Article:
Sturgeon said that the legality of a referendum without permission from the British government was contested, and so she had already asked the Lord Advocate, the senior Scottish Law Officer, to refer the question to the UK's Supreme Court.

If the court found the Scottish parliament could not hold an independence referendum without the prime minister's consent, Sturgeon said the SNP would instead fight the next UK election on a platform of whether Scotland should be independent.

Politico: Boris Johnson looks for love on the world stage

As Boris Johnson departed London last week for an epic foreign tour spanning two continents and three world summits, he already seemed weary of the baggage he was carrying with him.

Addressing the traveling U.K. press pack at the start of the eight-day trip, the British prime minister lacked some of his familiar spark. The usual verbal hand grenades were not deployed.

By that stage Johnson knew the first leg of his journey, to a Commonwealth Heads of Government summit in Rwanda, would be overshadowed by two scenes of domestic conflict: an ugly row between Downing Street and Clarence House — the home of Prince Charles — over Johnson’s flagship immigration policy, and a double helping of by-election defeats for the Conservative Party back in the U.K.

On the plane an aide articulated what many suspected, that Johnson wanted to use the CHOGM, G7 and NATO summits to return to a heavy focus on Ukraine — a foreign policy area which has been his safe space in a year dominated by questions over his personal integrity.

But the fallout from the disastrous by-election losses — the defeat in Tiverton, south-west England, being the heaviest his party has ever suffered — has dogged him throughout the trip, with rumors swirling back home of an organized attempt by rebel Tory MPs to force a second challenge to his leadership.

As a consequence, Johnson’s battle to keep the focus off his dire domestic troubles has met with varying degrees of success.

Arriving in Madrid Tuesday for a summit of NATO leaders — the final leg of his journey — Johnson walked straight into a fresh domestic row, this time with members of his own Cabinet over the U.K.’s defense spending commitments. Aides said he will spend the rest of the week trying to switch the focus on to the need for NATO partners to increase their own spending.

On paper, a long-delayed Commonwealth leaders’ summit had looked like the perfect chance for Johnson to shine on the world stage. The 54-member organization, many of which have historical ties to the U.K. as former colonies, hold a particular attraction for a leader politically invested in international cooperation outside the EU.

Discussing the Africa free trade area in a speech to African foreign ministers, Johnson could not resist a swipe at the trading bloc Britain recently left behind.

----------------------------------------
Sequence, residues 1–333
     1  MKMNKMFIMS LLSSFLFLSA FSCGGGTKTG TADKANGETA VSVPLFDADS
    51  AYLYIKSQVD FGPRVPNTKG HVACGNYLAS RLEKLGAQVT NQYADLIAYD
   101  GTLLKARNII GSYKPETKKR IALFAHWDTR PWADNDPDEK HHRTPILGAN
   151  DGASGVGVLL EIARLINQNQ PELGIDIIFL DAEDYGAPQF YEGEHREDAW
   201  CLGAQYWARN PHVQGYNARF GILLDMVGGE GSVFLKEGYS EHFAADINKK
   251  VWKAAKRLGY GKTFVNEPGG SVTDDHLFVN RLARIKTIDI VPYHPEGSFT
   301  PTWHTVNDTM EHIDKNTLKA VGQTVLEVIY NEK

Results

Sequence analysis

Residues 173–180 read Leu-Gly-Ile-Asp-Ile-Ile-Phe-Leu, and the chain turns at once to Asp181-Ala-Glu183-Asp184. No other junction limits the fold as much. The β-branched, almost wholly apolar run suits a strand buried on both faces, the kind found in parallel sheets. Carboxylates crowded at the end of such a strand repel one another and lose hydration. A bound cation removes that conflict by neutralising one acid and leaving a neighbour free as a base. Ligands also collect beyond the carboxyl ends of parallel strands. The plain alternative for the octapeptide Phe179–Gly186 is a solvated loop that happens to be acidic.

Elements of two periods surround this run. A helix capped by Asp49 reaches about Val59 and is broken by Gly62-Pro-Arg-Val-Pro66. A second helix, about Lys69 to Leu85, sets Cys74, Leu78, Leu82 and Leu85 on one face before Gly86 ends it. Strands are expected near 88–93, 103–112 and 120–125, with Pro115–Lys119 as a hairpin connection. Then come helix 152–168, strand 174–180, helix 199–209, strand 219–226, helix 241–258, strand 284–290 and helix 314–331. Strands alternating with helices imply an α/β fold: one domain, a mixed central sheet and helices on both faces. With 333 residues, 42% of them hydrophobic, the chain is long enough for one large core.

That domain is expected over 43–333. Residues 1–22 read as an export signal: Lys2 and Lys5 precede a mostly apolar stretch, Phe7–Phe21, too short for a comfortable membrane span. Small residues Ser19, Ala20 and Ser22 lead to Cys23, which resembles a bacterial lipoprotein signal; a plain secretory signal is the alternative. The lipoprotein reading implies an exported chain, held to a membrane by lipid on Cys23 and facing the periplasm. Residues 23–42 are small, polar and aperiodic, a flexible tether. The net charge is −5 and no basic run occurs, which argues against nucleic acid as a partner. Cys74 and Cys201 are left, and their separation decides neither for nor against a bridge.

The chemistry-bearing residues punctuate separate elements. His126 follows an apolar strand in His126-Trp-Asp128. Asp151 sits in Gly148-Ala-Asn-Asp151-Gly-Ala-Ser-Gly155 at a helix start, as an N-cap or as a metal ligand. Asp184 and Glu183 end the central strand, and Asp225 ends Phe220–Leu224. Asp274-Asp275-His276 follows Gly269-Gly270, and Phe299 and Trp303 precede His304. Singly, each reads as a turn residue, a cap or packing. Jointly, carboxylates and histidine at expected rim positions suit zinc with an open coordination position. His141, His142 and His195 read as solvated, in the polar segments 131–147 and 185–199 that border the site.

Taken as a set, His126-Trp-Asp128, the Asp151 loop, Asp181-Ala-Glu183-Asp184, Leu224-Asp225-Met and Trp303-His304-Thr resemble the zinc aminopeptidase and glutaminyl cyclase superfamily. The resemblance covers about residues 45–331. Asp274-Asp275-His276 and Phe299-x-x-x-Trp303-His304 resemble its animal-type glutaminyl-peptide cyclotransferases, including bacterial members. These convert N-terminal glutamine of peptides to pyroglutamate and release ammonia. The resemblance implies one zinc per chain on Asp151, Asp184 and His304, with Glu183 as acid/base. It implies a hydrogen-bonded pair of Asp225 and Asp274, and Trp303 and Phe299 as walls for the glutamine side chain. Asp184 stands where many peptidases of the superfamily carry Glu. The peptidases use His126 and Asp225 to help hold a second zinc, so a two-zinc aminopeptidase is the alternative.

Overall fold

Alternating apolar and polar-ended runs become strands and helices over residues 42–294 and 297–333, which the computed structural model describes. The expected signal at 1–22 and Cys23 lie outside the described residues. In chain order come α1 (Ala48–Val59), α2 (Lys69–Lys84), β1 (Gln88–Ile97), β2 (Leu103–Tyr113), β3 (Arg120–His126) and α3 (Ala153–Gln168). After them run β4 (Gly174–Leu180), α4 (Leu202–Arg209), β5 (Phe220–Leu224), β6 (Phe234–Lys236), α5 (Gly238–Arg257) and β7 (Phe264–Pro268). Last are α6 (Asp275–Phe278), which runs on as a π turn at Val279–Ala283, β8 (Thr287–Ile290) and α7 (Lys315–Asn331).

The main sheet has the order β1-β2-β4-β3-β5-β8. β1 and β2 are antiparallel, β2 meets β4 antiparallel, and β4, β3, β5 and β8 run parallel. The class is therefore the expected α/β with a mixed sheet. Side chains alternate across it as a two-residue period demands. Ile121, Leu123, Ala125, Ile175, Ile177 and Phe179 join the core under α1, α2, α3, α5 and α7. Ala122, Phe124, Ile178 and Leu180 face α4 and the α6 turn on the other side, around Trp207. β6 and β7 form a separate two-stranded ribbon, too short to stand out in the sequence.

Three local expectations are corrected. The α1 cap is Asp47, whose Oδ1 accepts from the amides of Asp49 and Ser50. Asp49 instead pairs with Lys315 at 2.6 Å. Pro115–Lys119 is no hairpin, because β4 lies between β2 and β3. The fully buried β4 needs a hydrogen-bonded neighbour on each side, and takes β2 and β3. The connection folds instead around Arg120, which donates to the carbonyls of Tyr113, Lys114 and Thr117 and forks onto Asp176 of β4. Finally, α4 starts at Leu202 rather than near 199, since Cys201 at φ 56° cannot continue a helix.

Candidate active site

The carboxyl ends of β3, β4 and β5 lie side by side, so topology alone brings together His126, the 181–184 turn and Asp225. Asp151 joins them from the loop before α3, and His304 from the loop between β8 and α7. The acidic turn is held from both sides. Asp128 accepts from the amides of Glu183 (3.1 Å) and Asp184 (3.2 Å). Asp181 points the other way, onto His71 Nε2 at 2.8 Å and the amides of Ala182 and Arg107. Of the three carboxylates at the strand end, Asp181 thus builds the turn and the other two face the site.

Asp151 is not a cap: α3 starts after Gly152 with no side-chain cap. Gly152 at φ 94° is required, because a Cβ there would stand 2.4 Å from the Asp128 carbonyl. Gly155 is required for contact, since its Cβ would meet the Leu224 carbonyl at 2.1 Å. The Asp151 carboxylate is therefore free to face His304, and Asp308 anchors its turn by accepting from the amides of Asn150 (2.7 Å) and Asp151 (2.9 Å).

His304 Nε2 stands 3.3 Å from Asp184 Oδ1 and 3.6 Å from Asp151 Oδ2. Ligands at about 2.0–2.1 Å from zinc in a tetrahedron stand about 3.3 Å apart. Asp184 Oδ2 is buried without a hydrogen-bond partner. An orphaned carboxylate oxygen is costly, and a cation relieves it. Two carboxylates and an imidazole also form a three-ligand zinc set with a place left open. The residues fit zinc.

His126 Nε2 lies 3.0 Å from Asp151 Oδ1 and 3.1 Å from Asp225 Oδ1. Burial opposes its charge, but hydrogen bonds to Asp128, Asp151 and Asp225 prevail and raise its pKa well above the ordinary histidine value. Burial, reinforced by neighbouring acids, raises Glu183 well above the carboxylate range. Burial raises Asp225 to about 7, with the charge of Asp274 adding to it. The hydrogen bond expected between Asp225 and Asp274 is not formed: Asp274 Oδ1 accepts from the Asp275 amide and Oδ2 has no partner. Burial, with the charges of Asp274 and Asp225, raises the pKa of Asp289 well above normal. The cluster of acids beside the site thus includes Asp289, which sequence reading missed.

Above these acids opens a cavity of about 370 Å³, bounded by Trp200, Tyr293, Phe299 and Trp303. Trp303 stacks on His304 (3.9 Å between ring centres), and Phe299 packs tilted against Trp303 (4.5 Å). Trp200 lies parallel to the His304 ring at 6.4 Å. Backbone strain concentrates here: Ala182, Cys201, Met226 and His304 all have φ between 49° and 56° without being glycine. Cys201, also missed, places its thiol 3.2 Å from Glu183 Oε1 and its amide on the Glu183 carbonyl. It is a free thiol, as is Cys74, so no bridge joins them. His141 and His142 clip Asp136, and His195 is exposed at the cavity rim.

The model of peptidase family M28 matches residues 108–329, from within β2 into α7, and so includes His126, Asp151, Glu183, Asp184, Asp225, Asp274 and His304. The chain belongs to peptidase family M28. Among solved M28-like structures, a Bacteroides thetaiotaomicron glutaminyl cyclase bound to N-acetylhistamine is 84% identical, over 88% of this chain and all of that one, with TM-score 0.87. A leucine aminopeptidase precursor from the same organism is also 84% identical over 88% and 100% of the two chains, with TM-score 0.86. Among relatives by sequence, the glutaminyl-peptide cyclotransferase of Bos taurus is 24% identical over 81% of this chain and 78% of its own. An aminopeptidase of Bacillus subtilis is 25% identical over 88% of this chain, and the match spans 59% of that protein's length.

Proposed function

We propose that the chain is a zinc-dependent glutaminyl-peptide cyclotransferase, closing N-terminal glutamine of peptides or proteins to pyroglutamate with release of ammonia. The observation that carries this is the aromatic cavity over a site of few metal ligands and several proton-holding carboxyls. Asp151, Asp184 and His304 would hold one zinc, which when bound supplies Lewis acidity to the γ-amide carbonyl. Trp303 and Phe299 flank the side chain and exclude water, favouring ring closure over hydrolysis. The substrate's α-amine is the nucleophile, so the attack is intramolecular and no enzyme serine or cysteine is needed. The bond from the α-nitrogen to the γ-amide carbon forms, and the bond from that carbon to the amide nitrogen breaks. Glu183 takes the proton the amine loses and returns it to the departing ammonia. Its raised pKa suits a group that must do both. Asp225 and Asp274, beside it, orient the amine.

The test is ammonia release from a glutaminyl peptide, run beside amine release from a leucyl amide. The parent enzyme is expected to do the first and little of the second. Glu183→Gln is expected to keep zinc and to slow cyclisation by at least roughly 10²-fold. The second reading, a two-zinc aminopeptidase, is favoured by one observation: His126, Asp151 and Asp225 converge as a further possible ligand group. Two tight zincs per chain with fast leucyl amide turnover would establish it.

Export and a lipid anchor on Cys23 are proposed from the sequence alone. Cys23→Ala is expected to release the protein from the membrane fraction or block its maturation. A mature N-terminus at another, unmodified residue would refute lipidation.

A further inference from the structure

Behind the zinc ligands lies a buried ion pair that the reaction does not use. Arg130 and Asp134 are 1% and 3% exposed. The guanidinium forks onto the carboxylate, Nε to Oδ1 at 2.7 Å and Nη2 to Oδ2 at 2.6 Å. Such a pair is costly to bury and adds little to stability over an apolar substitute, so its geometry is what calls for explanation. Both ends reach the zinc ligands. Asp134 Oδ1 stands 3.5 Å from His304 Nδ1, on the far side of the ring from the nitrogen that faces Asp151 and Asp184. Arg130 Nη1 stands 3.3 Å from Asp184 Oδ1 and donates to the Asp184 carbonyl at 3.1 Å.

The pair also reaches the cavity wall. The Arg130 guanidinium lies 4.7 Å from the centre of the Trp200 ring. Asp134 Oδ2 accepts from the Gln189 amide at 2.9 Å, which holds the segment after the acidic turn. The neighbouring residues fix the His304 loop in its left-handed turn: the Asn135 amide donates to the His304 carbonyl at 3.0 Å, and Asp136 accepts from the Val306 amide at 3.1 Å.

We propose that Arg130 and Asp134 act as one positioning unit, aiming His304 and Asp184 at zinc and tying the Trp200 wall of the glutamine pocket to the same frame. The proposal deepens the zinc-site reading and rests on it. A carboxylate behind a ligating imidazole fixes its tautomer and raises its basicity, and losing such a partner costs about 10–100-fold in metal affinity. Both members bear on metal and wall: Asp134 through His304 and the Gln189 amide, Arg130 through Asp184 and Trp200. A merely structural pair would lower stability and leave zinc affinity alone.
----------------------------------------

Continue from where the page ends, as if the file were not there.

“I remember the U.K. helped to found the European free trade area many years ago,” he said. “(It) then got taken over by something called the European Union … but never mind that.”

Johnson’s diplomacy, such as it is, relies heavily on personal magnetism; a legendary ability to draw people in when up close.

Yolande Makolo, a Rwandan government spokesperson, suggested the dynamic still holds true. “Of course,” she said. “Everybody knows Boris.”

But if the prime minister was hoping for an endless love-in on his escape from domestic duties, he would be disappointed.

In Kigali, one of Johnson’s first engagements was an audience with Prince Charles, an awkward prospect after the future monarch privately condemned the U.K.’s plan to send asylum seekers to Rwanda as “appalling.”

At the G7 summit in Bavaria earlier this week, Downing Street had seemingly sought ‘strongman’ headlines following Johnson’s meeting with French President Emmanuel Macron, briefing journalists that the PM had delivered clear warnings about not bowing down to Russia.

Photo: Stefan Rousseau via Getty Images

But in truth the meeting was more of a love-in, with a back-slapping Johnson turning on the charm and avoiding all difficult subjects — even nodding along with Macron’s plan for a two-speed Europe that might one day see Britain join an outer circle. 

“Prime Minister Johnson showed lots of enthusiasm,” the Elysse said afterward. “He was just being polite,” Downing Street sources quietly explained.

British tabloids dubbed the meeting “Le Bromance.”

And while Johnson chases adulation on the world stage, his climate-focused policy agenda risks being left on the sidelines.

Certainly Johnson wasn’t pushing the agenda forward, despite the U.K. being the official U.N. climate presidency for most of this year. On Sunday evening, Johnson skipped the relaunch of a major green infrastructure push he himself had fostered as G7 chairman the year before. While seven out of the nine leaders attended, Johnson was busy trying to patch up his relationship with Macron.

As a result, the active involvement of the British Prime Minister in foreign policy looks more and more like a good game with a bad hand and a persistent attempt to distract the attention of others from domestic problems.

Picked and squeezed for you: Irina Iakovleva